Cerro Gordo County Iowa
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 The Globe-Gazette
Mason City, Cerro Gordo County, Iowa

They Served With Honor

MASON CITY — A plaque in the lobby of the Cerro Gordo County Courthouse honors the men and women from the county who have given their lives in military service. Eighteen names are enshrined from the Korean War — 13 from Mason City, three from Plymouth, one from Rockwell and one from Clear Lake. Nearly 34,000 troops died in battle. Almost 20,000 died of other causes. More than 100,000 were wounded and 8,000 were declared missing in action. And yet, it has often been called “the forgotten war,” the one that occurred between World War II and Vietnam.

They Served With Honor: Buffalo Center man spent 11 months, 19 days and two hours in Punchbowl
by Molly Montag, Tuesday, November 29, 2016

BUFFALO CENTER — Marlyn Hanson, of Buffalo Center, wasn’t sure what he was in for when he joined the Army in 1952. It turns out he got to choose.

“I could either be on the guns or I could be a cook,” said Hanson, 86. “And, a guy told me, ‘Don’t even think about it. Be a cook.’

“So there I was. I was a cook.”

The Rake High School graduate spent about a year in eastern Korea with the 196th Field Artillery Battalion in a valley dubbed the Punchbowl. He arrived in Korea by boat after training at Fort Crowder, Missouri; Fort Hood, Texas; and Fort Chaffee, Arkansas. The rest of the journey was by land.

“We went by train as far as it would go and then we went by truck to the Punchbowl, so that was kind of scary because if we would’ve been cut off ... ,” Hanson said, trailing off. By the time Hanson got there in January 1953, the American and opposing forces were entrenched on the mountainous ridges.

“We were on the top on this side, and the enemy was on top on the other side,” Hanson explained. “It was 8-10 miles across, that bowl, and we were there the whole time, but we was below the ground.”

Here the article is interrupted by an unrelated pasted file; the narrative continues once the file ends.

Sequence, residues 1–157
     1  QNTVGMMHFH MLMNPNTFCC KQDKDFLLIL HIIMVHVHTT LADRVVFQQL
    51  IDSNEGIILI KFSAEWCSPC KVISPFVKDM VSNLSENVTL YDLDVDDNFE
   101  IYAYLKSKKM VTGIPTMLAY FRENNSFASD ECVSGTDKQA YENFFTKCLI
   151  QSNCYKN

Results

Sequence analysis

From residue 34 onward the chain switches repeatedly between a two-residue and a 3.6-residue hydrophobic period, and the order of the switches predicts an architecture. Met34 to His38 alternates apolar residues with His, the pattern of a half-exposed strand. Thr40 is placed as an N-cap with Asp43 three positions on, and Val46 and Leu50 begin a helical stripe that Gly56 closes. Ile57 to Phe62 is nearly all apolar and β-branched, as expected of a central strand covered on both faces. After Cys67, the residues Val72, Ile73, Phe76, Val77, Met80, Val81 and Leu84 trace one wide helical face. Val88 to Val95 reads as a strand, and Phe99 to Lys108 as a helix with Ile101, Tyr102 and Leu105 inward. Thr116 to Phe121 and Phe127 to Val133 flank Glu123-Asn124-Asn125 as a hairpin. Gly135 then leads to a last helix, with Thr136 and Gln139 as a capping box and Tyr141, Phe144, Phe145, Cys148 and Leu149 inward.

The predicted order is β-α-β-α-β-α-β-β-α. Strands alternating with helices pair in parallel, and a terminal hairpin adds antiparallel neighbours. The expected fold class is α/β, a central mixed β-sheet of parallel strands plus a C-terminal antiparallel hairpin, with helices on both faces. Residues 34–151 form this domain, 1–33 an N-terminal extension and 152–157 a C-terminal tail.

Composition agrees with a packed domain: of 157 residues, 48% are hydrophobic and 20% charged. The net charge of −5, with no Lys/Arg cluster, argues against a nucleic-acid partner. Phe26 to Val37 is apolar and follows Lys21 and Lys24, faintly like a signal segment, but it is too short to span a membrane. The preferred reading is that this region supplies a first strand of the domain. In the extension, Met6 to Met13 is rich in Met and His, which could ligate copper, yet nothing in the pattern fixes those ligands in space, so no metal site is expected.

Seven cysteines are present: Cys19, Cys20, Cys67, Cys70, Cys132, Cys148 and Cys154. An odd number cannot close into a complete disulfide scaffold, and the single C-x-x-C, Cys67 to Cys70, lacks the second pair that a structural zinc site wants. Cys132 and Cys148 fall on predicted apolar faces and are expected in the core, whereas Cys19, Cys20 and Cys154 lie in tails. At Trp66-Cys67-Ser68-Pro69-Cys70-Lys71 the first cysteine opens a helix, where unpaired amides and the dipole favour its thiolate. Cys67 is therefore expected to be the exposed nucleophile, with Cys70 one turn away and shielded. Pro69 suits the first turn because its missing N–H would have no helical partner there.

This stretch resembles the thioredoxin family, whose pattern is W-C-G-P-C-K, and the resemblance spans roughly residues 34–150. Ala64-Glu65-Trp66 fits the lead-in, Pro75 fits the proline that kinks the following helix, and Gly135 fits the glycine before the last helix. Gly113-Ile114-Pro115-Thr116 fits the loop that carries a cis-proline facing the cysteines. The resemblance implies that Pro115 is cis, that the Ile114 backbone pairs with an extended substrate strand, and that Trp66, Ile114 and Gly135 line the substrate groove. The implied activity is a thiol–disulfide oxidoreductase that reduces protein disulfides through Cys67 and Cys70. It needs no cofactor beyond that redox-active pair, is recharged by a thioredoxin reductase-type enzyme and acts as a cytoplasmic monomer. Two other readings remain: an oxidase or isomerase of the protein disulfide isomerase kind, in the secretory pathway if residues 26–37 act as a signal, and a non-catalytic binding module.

Soldiers slept below the ground in order to protect them from incoming rounds. The mess hall, where Hanson worked, was one of the only above-ground structures. Soldiers covered its tin roof with dirt and grass to camouflage it from attack. Even then, it wasn’t safe.

“You wouldn’t dare go walk up there behind the mess hall,” Hanson said. “It’d be all booby trapped.”

Heavy fighting had turned the Punchbowl into a desolate place.

“There had been so many rounds that there wasn’t much,” he said. “The trees were just about non-existent. They were just little bushes.”

Cooks worked three days on, three days off. He wrote home nearly every day.

“We’d get up early, about 6 o’clock. I think we had to begin to serve breakfast about 7 o’clock,” he said. “Then, we’d be done by 12 o’clock, but by the time we had to clean up it’d be 1 o’clock.”

The soldiers liked some of the food. Some dishes weren’t big hits.

“They had chicken noodle soup, that was the best,” Hanson said. “And, they had green pea soup, which nobody liked. I wouldn’t eat it now.”

Hanson was there less than a year.

“The fighting stopped Aug. 31. And, then we stayed in the same position until I went home the end of September,” he said. “So I was there just 11 months, 19 days and two hours.”

These days, Hanson doesn’t think about Korea very much.

“As long as I didn’t get hurt, and nobody right next to me got hurt or anything, why then I really don’t think about it,” he said. “Now, it’d be different I think if I would’ve been hurt or if my buddies, friends, got hurt, but it didn’t happen.

“I was very lucky that way.”

Photographs courtesy of Globe-Gazette
Transcription by Sharon R. Becker, March of 2017


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